Today, we’re lookin at David E. Kelley’s penchant for falling in creative love with guest stars on his shows.
In Drawing Crazy Patterns, I spotlight at least five things from pop culture that fit under a specific theme (basically, stuff that happens frequently enough to be worth pointing it out). Note that these lists are inherently not exhaustive. They are a list of five examples (occasionally I’ll be nice and toss in a sixth). So no instance is “missing” if it is not listed. It’s just not one of the five examples that I chose. You can always feel free to suggest ANOTHER example that fits the theme, if you’d like, but nothing is “missing” from this list.
David E. Kelley has a reputation for being one of the most successful television writers of the past forty years, but also as someone whose interests as a writer tend to be a bit on the mercurial side of things. While the leads of his shows tend to be fairly stable (even there, there have been some dramatic top of the line cast changes over the years), he often has significant upheaval in the supporting casts of his shows and this typically comes from him falling in and out of creative “love” with new characters, thus reshaping the shows to match this new character he’s taken an interest in. Unlike most other writers, though, these characters very often are seemingly just one-off characters before he elevates them to regulars. Not always literal cast members of the show, but recurring characters at the very least.
GEORGE VOGELMAN ON THE PRACTICE
This one is a bit tricky, as Michael Monks’ George Vogelman never became an outright regular cast member like the others on this list, but he came so close that I’m still counting it. In the fifth episode of the series, one of the lawyers of the practice in The Practice, Ellenor Frutt, puts out a personal ad and meets Monks’ George Vogelman, who is a very dorky guy and while Frutt enjoyed her time with him, she just wanted more and she feels that she is being pressured to accept someone less than she wants because of her own appearance. Kelley then brought George back in Season 2 to SUE Ellenor, arguing that she committed fraud by lying in her personal ad about being more open than she was. She eventually apologizes and she and George become friends. Then, in Season 3, George shows up at their office with a human head in a bag and he insists that he was framed. His murder trial became the main driving force of most of Season 3 (not just the trial itself, but after they win an acquittal for him, the firm is sued by the victim’s family, as during the trial, they suggested that perhaps her own brother murdered her).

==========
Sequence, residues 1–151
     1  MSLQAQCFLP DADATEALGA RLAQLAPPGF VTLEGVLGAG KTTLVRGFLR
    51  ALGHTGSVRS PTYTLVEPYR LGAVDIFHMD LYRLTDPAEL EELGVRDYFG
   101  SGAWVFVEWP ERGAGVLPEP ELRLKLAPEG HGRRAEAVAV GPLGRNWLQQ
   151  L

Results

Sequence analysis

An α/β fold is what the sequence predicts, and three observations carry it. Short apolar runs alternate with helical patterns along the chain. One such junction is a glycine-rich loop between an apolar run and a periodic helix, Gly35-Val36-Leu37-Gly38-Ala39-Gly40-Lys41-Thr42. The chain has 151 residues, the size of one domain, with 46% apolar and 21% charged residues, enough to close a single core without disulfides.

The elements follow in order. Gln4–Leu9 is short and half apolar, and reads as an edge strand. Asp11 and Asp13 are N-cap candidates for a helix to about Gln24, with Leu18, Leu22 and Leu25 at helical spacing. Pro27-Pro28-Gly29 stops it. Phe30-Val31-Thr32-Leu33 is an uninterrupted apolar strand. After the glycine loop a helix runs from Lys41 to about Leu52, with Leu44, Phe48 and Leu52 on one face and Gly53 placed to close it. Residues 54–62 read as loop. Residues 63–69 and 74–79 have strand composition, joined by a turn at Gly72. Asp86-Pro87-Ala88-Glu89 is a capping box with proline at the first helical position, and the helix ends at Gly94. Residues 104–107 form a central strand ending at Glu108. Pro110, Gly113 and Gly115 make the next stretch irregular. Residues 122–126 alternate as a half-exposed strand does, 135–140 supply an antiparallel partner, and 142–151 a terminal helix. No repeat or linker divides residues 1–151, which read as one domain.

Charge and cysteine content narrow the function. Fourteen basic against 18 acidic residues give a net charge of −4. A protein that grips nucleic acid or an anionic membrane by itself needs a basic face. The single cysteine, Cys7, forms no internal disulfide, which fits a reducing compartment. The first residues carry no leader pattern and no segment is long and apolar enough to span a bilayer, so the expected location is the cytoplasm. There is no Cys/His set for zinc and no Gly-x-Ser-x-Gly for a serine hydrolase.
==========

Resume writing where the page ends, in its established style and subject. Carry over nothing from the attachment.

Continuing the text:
In one of the more cynical twists in TV history, George is later revealed to have actually committed the crime and was now tying to murder Ellenor while disguising himself as a nun. It was too, too stupid (and really betrayed the feeling of joy we all got when Ellenor found a way to get George off on murder charges. There’s an excellent moment where, once the jury is out, he tells Ellenor that he wants to let her know the truth, since it doesn’t matter either way now that the jury is out an he tells her that he IS innocent and that she WAS right to trust him…and then that’s thrown in the trash later, with George just a pyscho. Ugh. Not a fan).
LING WOO ON ALLY MCBEAL
Lucy Liu auditioned for the role of Nelle on Ally McBeal, a part won by Portia de Rossi. Kelley liked her so much, though, that he wrote a guest star spot for her as a client of Ally McBeal’s firm who is suing a shock jock for creating a hostile work environment where she works. The character was a hit, so it was then revealed that, wouldn’t you know it, Ling was also a lawyer! She became a regular on the series until movie stardom beckoned.
MEREDITH PETERS ON BOSTON PUBLIC
This one is also tricky. Kathy Baker had previously starred on Kelley’s award-winning drama, Picket Fences, so it is more reasonable to think that she might be someone who he could find more to do with, but HOW she was introduced screamed “GUEST SPOT,” so it is still remarkable that she became a regular cast member. She showed up for an arc at the end of Boston Public‘s first season as a mother who might be abusing her son, a student at the school. At the end of the season, he appears to have snapped and turned her abuse on her, perhaps murdering her. Early in Season 2, though, we learn that he “only” locked her in the basement and she then chopped her own hand off to escape. It was then revealed that, wouldn’t you know, she was actually a teacher herself and somehow got a job at the school and started dating the assistant principal.
The oddity of that is why I think it’s worth counting how she got added to the series.
JERRY ESPENSON ON BOSTON LEGAL
The excellent Christian Clemenson guest-starred as an eccentric member of the law firm on Boston Legal, who helps Alan Shore out on a case. Jerry is a brilliant lawyer, but he has so many odd tics that he is rejected in his attempt to become a partner at the firm and Alan tries to help him change the partner’s minds. That fails, though, and Jerry goes into private practice. Clemenson won a Best Guest Actor Emmy for the role. He then showed up again at the end of the season, asking for Alan’s help on a case in Jerry’s new solo practice.
Jerry became a recurring character in Season 3 before finally joining the cast as a regular and re-joining the firm.
CLARENCE BELL ON BOSTON LEGAL
Gary Anthony Williams appeared in an early episode of Season 3 of Boston Legal as a cross-dresser who gets fired from his job due to the aggressive personality he uses when he is “Clarice” instead of Clarence. Later that season, he gets hired at the firm (as Clarence) as a legal assistant. Then, wouldn’t you know it, he turns out to be a lawyer himself and becomes a lawyer at the firm and a member of the cast until being written off at the end of Season 4.